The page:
It can be profitable: North Korea funds it’s lavish parties for senior officials, at least in part with the proceeds of hacking. Pyeongyang used to have a reputation for destructive, brutal attacks, designed more to destroy the reputation of rivals. Now, North Korean hackers are more famous for their motif – of ‘robbing banks’.They focus on the hacking of cryptocurrency assets which are harder to trace, but which are also readily exchangeable for real money – something the dictatorship needs given it’s starving population, national resource limitations and penchant for using crystal meth.

It accentuates what other countries are good at: China has an advantage in electronics equipment manufacture, offering products and services to hundreds of global technology businesses. Russia has experience in security and antivirus software, acting as one of the world’s first providers of that sort of product in their Kaspersky systems antivirus software.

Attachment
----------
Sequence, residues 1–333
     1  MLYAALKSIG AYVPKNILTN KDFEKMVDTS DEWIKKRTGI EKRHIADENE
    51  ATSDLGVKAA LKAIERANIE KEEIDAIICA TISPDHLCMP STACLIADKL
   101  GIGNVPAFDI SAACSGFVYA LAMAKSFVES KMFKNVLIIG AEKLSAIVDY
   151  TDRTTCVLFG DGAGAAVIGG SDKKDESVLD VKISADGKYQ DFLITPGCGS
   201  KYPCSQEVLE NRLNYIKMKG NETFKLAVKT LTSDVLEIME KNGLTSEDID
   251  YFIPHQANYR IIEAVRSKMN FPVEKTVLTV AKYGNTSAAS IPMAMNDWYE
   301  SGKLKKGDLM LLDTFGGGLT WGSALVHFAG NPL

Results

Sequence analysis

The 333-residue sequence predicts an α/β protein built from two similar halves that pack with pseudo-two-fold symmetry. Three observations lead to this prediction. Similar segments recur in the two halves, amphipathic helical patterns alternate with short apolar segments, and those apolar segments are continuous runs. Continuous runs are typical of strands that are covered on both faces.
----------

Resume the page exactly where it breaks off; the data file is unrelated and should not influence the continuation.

The thing that each of the primary hacking threat nations share (Russia, North Korea and China) is that each is a more authoritarian government, which requires less permission from it’s populous to conduct these behind the scenes manoeuvres.

Trump is taking the fight to the hackers

The Trump administration is seen as more prepared to take risks and be on the offensive with cyber-attacks than any government which proceeded him. He has laid out his thinking in the NSPM13 – National Security Presidential Memorandum which, importantly, allows the US military to act below the threshold of ‘the use of force’ without agreement from Congress.

The White-House is so concerned about threats from hacking that they recently authorized ‘offensive cyber operations’.